Alas, if there is such thing as a bug triage meeting (why not
have a meeting for while loops as well, or subclassing?), odds
are that people appointed to decide on bugs don't have much
grasp of their actual impediment on the development process,
and can't do better than "guess", as Hendrickson states in her
article: "The cost (not to fix a bug) is almost always far higher
than anyone might guess.".
A more relevant meeting would be for developers to explain
why such or such bug can't be quickly fixed.

This is a particular case of two problems:
- the general problem in software industry, that people who take
decisions usually don't have a clue,
- the eternal and universal problem of not having to choose
such or such clueless ideology, but of being able to have a clue.

This also reminds of an interview with Wayne Rosing, where he gives
a glimpse of how bugs were handled at Google after they got rid of
managers: "If something isn't right, even if it's in a product that
has already gone public, teams fix it without asking anyone."

Big plus one by Dave Nicolette

"Cancel all the bug triage meetings; spend the time instead preventing and fixing defects. Test early and often to find the bugs earlier. Fix bugs as soon as they’re identified; attend to your broken windows early."

Big plus one on that.

"And whatever you do, don’t accept the apologist’s excuse that bugs in production are inevitable, so the only pragmatic approach is to make a cost/benefit decision on whether or not to fix them. The cost is almost always far higher than anyone might guess."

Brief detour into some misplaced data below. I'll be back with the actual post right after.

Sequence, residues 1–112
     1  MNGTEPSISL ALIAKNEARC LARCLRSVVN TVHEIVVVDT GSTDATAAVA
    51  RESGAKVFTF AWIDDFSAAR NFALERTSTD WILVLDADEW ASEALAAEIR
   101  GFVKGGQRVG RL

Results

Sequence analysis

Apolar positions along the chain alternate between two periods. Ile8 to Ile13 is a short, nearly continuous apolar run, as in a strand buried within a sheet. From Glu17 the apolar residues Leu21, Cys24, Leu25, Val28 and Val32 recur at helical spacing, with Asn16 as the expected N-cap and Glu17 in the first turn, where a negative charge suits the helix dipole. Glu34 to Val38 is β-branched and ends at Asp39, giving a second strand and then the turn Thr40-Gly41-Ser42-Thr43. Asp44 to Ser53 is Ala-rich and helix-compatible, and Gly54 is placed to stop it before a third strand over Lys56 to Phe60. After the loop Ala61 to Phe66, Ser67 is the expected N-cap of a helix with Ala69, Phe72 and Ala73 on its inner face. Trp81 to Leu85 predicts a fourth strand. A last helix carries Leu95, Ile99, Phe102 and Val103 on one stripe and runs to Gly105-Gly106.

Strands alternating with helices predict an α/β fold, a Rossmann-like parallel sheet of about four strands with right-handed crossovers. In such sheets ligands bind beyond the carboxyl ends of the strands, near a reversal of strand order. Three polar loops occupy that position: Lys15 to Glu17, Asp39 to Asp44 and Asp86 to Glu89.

On this point, I have a question. The problem she mentions repeatedly is the cost of the bug triage meetings. While I agree that it is feasible to eliminate bugs by using appropriate development methods, the reality is that many bugs have found their way into production and this will continue to be true for the foreseeable future. Only a small minority of development teams use appropriate techniques to avoid creating bugs or even to avoid letting them slip through the cracks into production. Yet, it isn't reasonable to expect businesses to spend a substantial amount of time fixing low-impact bugs. With that in mind, I think there is value in making a determination of which bugs are worth fixing.

Based on her own story, it seems the problem is that many organizations go about making that determination in a wasteful way. Then, they repeatedly report the same bugs and open the same questions about whether they are worth fixing. Those sound like procedural issues and not fundamental errors. That is not the same thing as determining the ROI for setting aside planned work in order to fix a bug. If the planned work would mean, for instance, we achieve fist mover advantage in some new market segment, then it may well be worth more to get the new feature into place before addressing the known bug. This has to be decided on a case-by-case basis and not in a blanket way, IMHO.

Re: Big plus one by Dave Nicolette

I meant "first mover," not "fist mover."